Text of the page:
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Game Theory

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Game Theory

Formalizing the Hobbesian Dilemma

- Assumptions
- Rational choice – People act according to their preferences (desires, for Hobbes)
- Strategic interaction – What one person does affects what others should do

- Elements
- Players – Two or more
- Strategies – The choices players have (Means)
- Outcomes – The results of the players’ choices (Ends)
- Payoffs – How much each player values each Outcome (Desires)

- Nash Equilibrium Neither player could do any better by unilaterally changing its strategy choice
- To Solve: Examine each cell to see if either player could do better by unilaterally choosing a different Strategy, given that its opponent does nothing different.
Example:

c. Not every game has a Nash Equilibrium

- Example:

d. Some games have multiple Nash Equilibria

- Example:

- Players – Limit to two for simplicity (result holds with more than two)
- Strategies (Means) – We can be nice (help others or at least not harm them) or nasty (use violence to get what we want). Usual termnology is Cooperate vs Defect.

- Outcomes – What might come about from the combination of our choices?
- I cooperate but you defect – I’m dead. May not be able to defect later if I cooperate now (“there is no way for any man to secure himself so reasonable as anticipation”)
- You cooperate but I defect – You’re dead (same logic as above)

- We both defect – Life is nasty, brutish, and short – but since we each know the other is prepared, death is less likely
- We both cooperate – We get along fine, but this means we have to each give up some things we desire. “Diffidence” = we both want the same thing.

- Preferences (Desires) – Which outcome is best for each of us?

- Prisoner’s Dilemma
- Both players end up worse, even though each plays rationally! Hobbesian Dilemma
- Used to model the “Security Dilemma” by Realists (Efforts to increase own security make others less secure)

- Chicken – Another Possibility
- Equilibria: Someone swerves – but who?
- Used to model nuclear crises
- Could this be the state of nature?

- “Stag Hunt”, aka the Assurance Game, aka Mixed-Motive PD
- Used to model non-predatory security dilemma, driven by fear instead of aggression (Rousseau)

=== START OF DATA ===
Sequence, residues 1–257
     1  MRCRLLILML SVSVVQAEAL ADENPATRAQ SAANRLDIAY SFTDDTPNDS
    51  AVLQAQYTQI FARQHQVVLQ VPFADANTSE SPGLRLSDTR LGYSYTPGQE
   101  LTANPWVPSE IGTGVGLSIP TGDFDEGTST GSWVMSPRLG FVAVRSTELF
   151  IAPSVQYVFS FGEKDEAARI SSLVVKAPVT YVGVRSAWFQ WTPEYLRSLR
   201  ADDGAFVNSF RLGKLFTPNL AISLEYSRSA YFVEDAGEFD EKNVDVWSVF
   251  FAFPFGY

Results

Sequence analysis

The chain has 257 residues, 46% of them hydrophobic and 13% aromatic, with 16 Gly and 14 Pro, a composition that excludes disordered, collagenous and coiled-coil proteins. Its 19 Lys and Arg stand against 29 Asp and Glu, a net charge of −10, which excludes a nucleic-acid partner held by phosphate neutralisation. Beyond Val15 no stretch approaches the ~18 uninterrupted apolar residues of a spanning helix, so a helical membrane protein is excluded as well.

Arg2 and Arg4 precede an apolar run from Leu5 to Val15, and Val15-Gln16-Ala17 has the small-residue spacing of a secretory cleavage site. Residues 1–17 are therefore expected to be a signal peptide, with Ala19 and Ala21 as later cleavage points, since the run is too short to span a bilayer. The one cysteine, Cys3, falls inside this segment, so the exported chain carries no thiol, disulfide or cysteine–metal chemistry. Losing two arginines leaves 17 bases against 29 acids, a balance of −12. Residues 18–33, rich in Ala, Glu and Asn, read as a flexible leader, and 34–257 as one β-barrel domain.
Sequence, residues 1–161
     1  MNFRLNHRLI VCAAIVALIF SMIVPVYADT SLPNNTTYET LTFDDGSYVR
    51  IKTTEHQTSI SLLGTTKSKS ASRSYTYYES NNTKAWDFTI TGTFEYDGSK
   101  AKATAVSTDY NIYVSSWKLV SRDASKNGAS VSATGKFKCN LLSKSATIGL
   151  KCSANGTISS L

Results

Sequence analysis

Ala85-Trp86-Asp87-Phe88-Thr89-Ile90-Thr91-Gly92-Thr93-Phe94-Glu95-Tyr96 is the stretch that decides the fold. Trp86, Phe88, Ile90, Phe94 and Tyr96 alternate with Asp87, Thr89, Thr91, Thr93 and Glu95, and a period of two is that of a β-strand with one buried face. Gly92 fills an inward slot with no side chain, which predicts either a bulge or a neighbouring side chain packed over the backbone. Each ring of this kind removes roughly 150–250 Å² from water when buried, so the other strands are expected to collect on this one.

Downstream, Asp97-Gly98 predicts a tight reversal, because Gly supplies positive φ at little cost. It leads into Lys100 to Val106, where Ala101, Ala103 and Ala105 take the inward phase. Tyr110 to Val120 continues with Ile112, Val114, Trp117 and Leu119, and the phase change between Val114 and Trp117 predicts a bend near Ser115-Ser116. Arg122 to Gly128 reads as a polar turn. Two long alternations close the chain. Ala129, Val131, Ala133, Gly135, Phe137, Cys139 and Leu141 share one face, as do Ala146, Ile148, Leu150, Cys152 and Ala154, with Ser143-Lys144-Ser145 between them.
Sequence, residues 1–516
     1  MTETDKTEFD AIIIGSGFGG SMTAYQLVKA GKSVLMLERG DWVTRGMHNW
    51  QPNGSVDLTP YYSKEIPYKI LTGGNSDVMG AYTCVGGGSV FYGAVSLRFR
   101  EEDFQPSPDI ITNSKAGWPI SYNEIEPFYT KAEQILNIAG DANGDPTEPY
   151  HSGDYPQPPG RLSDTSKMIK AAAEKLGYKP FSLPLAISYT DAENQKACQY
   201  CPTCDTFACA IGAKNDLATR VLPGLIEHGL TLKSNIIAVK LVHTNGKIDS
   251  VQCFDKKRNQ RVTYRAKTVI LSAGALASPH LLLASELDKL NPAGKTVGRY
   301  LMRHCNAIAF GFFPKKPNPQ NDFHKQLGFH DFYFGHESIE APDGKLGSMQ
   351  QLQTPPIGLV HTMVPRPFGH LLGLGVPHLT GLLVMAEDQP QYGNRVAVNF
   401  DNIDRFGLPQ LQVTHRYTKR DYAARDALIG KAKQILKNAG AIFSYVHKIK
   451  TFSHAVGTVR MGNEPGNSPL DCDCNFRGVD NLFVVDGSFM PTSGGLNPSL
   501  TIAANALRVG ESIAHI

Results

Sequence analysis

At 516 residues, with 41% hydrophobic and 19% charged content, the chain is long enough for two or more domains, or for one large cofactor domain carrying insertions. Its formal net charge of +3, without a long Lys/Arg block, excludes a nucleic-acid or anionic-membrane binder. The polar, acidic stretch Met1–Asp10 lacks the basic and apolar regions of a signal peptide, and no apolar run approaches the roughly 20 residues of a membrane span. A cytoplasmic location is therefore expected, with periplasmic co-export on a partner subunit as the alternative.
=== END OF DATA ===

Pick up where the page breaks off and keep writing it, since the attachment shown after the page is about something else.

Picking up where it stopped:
- Equilibria: depends on trust – Nobody wants to be the only one looking for a stag!

- Hobbes assumes life is zero-sum in state of nature, because we want the same things
- Liberals assume we have different tastes AND that we have different talents/interests
- If you and I are each better at making/gathering something, we can both do better by trade than predation!

Given a day, what can each person produce?

Fruit

- Production possibilities without trade
- Cain will buy Rabbits for < 2.5 fruit. Abel will buy Fruit for < 10/7 Rabbits.
- Exchange rate must be between 2.5 fruit/rabbit and .7 fruit/rabbit
- Example: Abel hunts 10 rabbits, trades 3 to Cain for 5 fruits. (1.67 fruits/rabbit = good deal for Cain, .6 rabbits/fruit = good deal for Abel!).
- Result: Both sides achieve consumption beyond original production possibilities!

10

5

5

10

Rabbits

Given a day, what can each person produce?

- Lisa has absolute advantage in both goods!
- Lisa has comparative advantage in…
- 2 to 1 in turkey, 1.2 to 1 in taters turkey
- Bart has comparative advantage in taters (5/6 as productive rather than only 1/2)
- Bart buys turkey at < 2 taters, Lisa buys taters at < 5/6 turkey. Exchange rate must be between 2 and 1.2 taters/turkey
- Example: Bart grows 10 taters, Lisa catches 10 turkeys. Bart trades 6 taters for 4 turkeys (1.5 taters/turkey)

Taters

20

10

5

10

Turkeys

- Is trade possible in the state of nature?
- Does it matter whether there are two people or thousands? Does this change incentives for predation vs. trade?

- Could some type of money evolve in a state of nature? Locke argues yes…

- Hobbesian tournament: Each player must play each other player in a series of Prisoners’ Dilemma (Hobbesian Dilemma) games.
- Best strategy in a single-shot game is always Defect, but…
- Which strategies produce the highest total payoff over many games against different players?

- Best strategy is almost always Tit-for-Tat
- Start by cooperating
- Then do what opponent did last time

- Matches some of Hobbes’s advice:
- Cooperate at first, but retain ability to defect (Law of Complacence)
- Match cooperation with cooperation (Law of Gratitude)
- Respond to renewed good behavior (Law of Pardon)

- Implication: People playing the best strategy will get along. If poor strategy = earlier death, only TFT players will survive.
- Did Hobbes miss this implication? Is the state of Nature a repeated game? What happens if I fail to defect when I should have defected?